In his reply to the Sona debate, Ramaphosa said: “The Marikana tragedy stands out as the darkest moment in the life of our young democracy,” pledging to honour the three main recommendations, including compensation, of the Farlam commission of inquiry into the killings, which made no finding against him.
“I am determined to play whatever role I can in the process of healing and atonement,” he said in response to EFF chief whip Floyd Shivambu’s call that he go to Marikana to build houses and improve the lives of the people there.
“The incident also brought into sharp focus the distress felt by people living in mining communities,” said the president.
"As we engage with mining companies, unions and communities on the finalisation of the Mining Charter, we need to ensure that these measures receive priority attention.”
President Ramaphosa also prioritised the need for “accelerated land redistribution,” while insisting that there would be no Zimbabwe-style “smash and grab interventions” and that food security would not be affected.
He insisted on continuing BEE policies, rejecting the notion that white people are disadvantaged by positive action and pointing out that unemployment among Africans stands at 30 per cent as against 7 per cent for whites.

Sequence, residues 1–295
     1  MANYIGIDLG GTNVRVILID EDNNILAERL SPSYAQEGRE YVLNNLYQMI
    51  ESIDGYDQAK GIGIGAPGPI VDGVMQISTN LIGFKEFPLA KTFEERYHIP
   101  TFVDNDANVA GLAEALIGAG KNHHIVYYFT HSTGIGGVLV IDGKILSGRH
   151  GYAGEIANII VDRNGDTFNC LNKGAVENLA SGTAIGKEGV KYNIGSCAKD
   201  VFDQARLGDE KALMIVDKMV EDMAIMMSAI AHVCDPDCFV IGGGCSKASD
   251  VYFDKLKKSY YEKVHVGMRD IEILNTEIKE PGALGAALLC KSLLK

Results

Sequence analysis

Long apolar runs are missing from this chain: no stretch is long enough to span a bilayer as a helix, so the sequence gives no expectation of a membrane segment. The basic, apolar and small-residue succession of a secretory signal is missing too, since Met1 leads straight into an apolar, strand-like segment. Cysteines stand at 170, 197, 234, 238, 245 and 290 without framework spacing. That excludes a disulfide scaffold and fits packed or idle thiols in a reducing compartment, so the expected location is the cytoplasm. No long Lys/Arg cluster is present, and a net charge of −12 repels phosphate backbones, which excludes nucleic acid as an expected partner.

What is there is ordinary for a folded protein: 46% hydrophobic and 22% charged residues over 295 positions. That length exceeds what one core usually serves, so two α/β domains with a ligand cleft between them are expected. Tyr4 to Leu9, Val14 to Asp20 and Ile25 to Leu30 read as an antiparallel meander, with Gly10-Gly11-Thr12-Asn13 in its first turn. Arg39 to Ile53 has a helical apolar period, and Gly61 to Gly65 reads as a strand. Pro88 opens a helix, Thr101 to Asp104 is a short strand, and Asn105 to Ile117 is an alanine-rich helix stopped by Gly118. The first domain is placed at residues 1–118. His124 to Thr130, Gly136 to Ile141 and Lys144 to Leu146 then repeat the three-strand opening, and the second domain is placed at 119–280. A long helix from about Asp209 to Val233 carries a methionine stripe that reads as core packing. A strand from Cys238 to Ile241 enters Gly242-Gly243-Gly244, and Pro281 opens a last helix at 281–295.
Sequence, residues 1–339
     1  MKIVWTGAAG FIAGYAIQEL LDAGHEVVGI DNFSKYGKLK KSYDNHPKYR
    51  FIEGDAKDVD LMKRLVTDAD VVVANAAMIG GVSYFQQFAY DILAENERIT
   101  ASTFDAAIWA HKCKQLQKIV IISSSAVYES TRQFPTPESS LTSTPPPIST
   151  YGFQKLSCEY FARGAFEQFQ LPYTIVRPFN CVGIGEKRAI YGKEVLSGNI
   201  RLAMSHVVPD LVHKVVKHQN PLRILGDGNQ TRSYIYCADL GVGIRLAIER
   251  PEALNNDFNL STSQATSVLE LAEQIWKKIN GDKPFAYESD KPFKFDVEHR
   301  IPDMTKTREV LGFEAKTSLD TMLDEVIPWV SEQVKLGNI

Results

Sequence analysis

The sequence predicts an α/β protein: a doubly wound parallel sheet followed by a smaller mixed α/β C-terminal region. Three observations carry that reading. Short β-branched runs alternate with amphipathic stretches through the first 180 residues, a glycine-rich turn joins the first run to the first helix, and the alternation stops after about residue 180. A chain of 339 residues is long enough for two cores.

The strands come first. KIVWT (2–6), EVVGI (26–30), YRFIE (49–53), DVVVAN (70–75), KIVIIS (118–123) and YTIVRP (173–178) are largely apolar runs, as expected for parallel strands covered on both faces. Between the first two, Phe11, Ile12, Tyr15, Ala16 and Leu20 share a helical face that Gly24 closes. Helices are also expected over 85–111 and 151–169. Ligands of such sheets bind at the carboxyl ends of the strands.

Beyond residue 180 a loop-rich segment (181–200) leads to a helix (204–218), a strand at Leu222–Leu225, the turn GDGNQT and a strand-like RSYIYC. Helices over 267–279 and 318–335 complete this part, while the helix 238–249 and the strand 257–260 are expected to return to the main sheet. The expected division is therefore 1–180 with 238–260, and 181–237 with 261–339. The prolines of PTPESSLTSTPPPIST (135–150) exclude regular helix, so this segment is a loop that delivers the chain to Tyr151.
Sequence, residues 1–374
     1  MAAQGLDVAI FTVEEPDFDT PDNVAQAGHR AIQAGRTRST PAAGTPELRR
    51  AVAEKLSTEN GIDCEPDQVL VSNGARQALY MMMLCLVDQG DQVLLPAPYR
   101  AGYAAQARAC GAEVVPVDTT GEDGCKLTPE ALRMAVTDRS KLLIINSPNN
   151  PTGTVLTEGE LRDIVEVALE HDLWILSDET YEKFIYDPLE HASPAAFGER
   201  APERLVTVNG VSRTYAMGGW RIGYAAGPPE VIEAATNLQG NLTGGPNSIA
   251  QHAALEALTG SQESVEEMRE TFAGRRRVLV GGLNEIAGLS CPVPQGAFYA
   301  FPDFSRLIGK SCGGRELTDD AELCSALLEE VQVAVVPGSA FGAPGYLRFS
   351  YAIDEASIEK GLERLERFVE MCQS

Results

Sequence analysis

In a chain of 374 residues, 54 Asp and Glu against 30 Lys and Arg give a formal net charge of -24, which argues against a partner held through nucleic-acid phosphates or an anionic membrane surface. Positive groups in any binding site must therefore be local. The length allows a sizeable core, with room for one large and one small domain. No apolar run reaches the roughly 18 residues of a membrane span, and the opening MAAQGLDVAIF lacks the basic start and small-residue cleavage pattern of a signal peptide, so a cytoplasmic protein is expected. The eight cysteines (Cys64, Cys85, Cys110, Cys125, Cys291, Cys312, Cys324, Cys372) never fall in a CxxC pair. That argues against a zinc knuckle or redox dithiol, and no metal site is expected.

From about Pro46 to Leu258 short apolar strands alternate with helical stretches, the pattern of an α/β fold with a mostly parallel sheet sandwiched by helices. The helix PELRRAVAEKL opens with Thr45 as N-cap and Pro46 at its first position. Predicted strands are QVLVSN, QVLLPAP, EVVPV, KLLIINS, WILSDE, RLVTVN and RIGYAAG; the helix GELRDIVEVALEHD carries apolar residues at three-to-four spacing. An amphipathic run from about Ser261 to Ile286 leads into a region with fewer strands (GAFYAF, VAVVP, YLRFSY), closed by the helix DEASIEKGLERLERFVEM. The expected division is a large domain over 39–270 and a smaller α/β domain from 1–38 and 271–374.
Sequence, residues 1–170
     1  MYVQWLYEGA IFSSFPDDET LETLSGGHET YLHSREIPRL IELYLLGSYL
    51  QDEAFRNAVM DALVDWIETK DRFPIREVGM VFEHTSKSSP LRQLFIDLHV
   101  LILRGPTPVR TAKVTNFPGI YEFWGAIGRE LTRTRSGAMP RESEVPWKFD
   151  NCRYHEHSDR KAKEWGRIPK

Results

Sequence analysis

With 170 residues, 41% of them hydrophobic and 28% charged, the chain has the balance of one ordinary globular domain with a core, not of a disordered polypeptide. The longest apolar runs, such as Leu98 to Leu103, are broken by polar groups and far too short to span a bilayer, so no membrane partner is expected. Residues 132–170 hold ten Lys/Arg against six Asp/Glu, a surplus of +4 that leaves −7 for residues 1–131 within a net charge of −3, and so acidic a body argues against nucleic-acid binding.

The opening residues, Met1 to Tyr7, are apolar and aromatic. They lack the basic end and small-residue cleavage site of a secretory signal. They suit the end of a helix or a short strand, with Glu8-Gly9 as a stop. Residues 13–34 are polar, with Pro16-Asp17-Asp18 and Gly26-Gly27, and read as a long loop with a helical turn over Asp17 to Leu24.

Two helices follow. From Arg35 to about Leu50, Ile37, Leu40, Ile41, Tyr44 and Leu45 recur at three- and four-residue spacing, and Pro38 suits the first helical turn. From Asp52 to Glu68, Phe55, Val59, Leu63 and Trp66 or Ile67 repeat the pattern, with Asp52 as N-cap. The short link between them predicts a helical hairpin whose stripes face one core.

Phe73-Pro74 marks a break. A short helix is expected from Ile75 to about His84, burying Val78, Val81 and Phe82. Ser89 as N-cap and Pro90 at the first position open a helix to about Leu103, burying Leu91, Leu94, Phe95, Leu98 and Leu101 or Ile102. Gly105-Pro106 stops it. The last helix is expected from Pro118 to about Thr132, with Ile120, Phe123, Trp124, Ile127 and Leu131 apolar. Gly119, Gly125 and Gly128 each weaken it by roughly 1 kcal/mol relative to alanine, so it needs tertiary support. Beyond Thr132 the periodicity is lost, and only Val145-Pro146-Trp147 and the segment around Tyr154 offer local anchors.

The president made clear that his administration’s overriding priority in its National Development Plan would be the people “whose shacks are flooded with every rainfall and whose taps run dry whether there is rainfall or not.”
His second standing ovation at the close of his reply, which only the Freedom Front Plus outfit of die-hard apartheid nostalgics refused to join, explains Madonsela’s “pedestal of hope” reference.
A fortnight ago, Zuma was clinging to office amid fears that any attempt to sack him would split the ANC in two and possibly spark violence in the country.
Ramaphosa’s insistence on negotiating has seen Zuma go quietly, his supporters have understood the need for change and rowed in behind the president and the opposition appears willing to wait and see what the new administration has to offer.
A pedestal of hope indeed.